AUSTIN (KXAN) — After 21 years of operating their location on East Sixth Street off of Neches Street, Bobalu Cigar Co. has decided to shut its doors, moving everything to their north Austin location on Burnet Road.
While there were a number of factors– increasing rent, lack of parking, lack of sanitation– that drove Bobalu president Jeff Lipton to this decision, he said the main reason he left comes down to one major issue.
“The problem is that you have the massive amount of indigent homeless, right in the very heart of Sixth Street and it is causing a massive problem, and hence the name ‘Dirty Sixth,'” said Lipton, referring to the colloquial name for the district on East Sixth west of Interstate 35.
Lipton feels the city neglected East Sixth Street improvements as other parts of downtown saw upgrades.
“Having a huge — not just a normal, but a huge — homeless population right on the edge of downtown within a block on my business has caused major problems,” Lipton said. He explained that his customers experienced excessive panhandling, his patrons would hear gunshots up the street and he didn’t feel safe having his employees walk to their cars by themselves
“It all seems to stem with having a huge crime problem right in the center of downtown in the jewel of the city,” Lipton said.
Lipton said that he’d wished the city had moved the homeless resources, which are concentrated around East Seventh Street, away from downtown businesses.
“I don’t think it should be located there on some of the most expensive real estate downtown,” he added, noting that perhaps the land on Seventh Street could be sold to fund projects that could go to help Austin’s homeless.
Mayor Pro Tem Kathie Tovo represents District 9 where Bobalu’s Sixth street location was. Tovo said she’s sorry to hear that Bobalu will be leaving the Sixth Street location and is concerned about the reasons about why they’re relocating.
She cautions that homelessness and crime in downtown Austin are not necessarily related.
“We’ve certainly had several acts of violence near the ARCH,” Tovo acknowledged, referring to Austin’s Resource Center for the Homeless on East Seventh and Neches. “But we have had crimes and acts of violence that are not related with homelessness and I just want to be sure that we’re not conflating all of those.”
“I would say a good deal of the crime that’s happening in the Sixth Street area is not associated with those experiencing homelessness,” she said, speaking from her experience working with APD officers patrolling that area.
Tovo was involved with a pilot effort between the city, non-profits and APD to improve health and safety for Austin’s homeless that started during the summer of 2017.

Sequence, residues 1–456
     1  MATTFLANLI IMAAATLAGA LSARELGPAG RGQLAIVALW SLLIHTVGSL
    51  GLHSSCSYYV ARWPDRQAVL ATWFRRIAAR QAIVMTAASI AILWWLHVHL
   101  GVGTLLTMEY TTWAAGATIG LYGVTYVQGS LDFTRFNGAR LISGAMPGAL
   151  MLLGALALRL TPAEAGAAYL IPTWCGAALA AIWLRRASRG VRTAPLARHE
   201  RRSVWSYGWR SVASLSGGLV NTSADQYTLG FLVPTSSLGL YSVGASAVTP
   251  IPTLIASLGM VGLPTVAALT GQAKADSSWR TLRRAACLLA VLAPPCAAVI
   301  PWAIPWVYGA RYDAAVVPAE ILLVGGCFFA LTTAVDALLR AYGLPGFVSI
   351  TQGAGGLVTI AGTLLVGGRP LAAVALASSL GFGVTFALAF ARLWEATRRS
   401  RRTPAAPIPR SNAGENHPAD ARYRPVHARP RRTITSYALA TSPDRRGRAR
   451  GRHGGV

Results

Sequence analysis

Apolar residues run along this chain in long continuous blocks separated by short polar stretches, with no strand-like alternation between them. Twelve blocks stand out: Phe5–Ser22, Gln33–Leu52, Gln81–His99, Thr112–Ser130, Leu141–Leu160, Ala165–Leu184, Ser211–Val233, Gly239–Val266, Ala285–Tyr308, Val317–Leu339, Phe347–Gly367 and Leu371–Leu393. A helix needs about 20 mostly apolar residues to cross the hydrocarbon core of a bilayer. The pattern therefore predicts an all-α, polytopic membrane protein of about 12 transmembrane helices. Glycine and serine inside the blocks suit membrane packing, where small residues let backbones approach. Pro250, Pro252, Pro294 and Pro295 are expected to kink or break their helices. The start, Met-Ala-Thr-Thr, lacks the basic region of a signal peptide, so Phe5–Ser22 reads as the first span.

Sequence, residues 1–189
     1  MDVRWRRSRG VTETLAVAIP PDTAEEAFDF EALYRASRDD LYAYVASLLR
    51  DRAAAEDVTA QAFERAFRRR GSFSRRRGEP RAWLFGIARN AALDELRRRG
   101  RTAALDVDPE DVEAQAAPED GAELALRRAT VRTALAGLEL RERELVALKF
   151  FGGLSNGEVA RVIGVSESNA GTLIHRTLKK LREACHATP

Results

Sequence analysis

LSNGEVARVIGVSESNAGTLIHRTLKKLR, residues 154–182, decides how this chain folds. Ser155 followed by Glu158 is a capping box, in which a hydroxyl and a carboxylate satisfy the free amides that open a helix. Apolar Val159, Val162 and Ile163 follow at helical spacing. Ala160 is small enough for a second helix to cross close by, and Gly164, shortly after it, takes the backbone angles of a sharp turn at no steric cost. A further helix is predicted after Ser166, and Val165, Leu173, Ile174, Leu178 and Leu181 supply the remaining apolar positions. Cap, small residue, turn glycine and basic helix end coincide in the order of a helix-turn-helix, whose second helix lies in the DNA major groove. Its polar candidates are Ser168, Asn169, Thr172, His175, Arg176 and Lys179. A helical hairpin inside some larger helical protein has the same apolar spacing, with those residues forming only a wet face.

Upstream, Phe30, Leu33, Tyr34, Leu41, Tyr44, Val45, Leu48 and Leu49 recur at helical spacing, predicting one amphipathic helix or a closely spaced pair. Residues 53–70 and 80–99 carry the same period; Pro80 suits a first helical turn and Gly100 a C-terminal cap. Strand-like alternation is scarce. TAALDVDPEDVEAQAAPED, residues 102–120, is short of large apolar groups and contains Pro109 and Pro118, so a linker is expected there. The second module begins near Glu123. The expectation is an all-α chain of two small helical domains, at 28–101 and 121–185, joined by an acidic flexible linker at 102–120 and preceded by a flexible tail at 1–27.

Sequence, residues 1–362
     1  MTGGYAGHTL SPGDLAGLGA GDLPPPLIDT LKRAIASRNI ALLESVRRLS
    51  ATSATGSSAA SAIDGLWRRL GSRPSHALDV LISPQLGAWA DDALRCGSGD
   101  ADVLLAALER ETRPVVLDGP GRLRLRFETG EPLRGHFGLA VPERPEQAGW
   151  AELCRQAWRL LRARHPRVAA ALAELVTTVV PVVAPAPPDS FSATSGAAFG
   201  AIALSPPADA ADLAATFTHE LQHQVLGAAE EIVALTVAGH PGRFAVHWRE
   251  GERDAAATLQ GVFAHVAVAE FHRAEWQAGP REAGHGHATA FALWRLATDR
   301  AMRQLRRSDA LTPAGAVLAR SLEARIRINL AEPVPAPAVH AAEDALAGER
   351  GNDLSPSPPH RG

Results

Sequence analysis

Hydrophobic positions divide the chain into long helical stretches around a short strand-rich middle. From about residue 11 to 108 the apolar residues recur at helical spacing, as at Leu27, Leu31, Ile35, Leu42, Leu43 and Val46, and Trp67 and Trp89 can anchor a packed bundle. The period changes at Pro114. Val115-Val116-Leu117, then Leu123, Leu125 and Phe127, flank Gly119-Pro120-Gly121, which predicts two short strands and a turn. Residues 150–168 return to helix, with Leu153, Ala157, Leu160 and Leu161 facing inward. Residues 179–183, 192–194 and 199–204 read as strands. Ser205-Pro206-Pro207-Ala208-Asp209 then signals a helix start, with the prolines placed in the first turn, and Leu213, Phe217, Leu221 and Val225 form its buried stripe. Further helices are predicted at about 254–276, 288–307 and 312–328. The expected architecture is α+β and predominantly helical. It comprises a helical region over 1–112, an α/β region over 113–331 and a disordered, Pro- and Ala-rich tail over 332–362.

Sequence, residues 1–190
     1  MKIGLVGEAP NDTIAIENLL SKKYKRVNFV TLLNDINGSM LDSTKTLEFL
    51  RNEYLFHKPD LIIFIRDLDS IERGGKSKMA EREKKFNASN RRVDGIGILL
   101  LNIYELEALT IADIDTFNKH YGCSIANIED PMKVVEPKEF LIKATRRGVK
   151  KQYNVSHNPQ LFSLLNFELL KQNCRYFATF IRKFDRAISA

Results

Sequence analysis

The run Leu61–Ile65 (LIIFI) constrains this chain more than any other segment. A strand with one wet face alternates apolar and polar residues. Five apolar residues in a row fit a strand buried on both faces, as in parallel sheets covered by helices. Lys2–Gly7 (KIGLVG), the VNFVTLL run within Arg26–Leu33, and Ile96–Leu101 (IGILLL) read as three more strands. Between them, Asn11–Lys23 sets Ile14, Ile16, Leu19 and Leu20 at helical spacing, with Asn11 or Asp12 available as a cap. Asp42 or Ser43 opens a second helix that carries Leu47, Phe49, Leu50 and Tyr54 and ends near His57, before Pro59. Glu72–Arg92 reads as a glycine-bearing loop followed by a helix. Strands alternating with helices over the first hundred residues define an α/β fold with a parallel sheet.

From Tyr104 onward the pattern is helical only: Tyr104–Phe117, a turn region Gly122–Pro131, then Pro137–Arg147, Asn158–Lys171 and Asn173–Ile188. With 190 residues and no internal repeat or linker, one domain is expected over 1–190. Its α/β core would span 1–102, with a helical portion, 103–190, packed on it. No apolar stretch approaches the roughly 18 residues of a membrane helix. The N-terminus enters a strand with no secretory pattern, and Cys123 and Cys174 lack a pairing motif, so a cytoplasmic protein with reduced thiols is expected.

Many of the pilot services for the homeless have tapered off, but the impacts and community partnerships remain. In fact the Ending Community Homelessness Coalition (ECHO) noted that during the pilot, downtown saw an increased police presence and the lowest amount of crime in three years around the ARCH.
Tovo has heard concerns from other businesses across downtown about safety and about the nearby homelessness population. The city has increased police presence and installed more portable toilets to address some of those concerns.
But for the homeless community and Austin’s businesses to start seeing noticeable changes, Tovo says, “it is at a point where we probably need to talk about increasing resources.”
She added that now that the pilot program is over, the city needs to focus on getting Austin’s homeless into long-term housing. “In this last budget cycle, the council was able to increase its budget for social services and for housing, but it’s insufficient compared to the need,” Tovo explained.
During the pilot program, service organizations have already identified many of those who are chronically homeless in downtown Austin, explained Ann Howard, executive director of ECHO. She said the problem is advocates don’t have enough money to fund placing all these people in long-term homes
“We need to be able to scale up our resources, to address their needs, to get them off the streets, and the longer we wait for the perfect funding solution, the perfect funding mechanism, the more we will see this happen I’m afraid,” Howard said, referring to Bobalu’s decision to leave East Sixth.
“The cigar owner — I haven’t met him– he could become a leader,” Howard added. “He sees the need, it’s impacting his bottom line, he tells us. So what I would hope is that he get his own house in order and makes his move and he would get involved, he would become a voice for the homeless.”
ECHO will be conducting their point-in-time count of the homeless population on Jan. 27, 2018. If you would like to volunteer with their efforts, look here.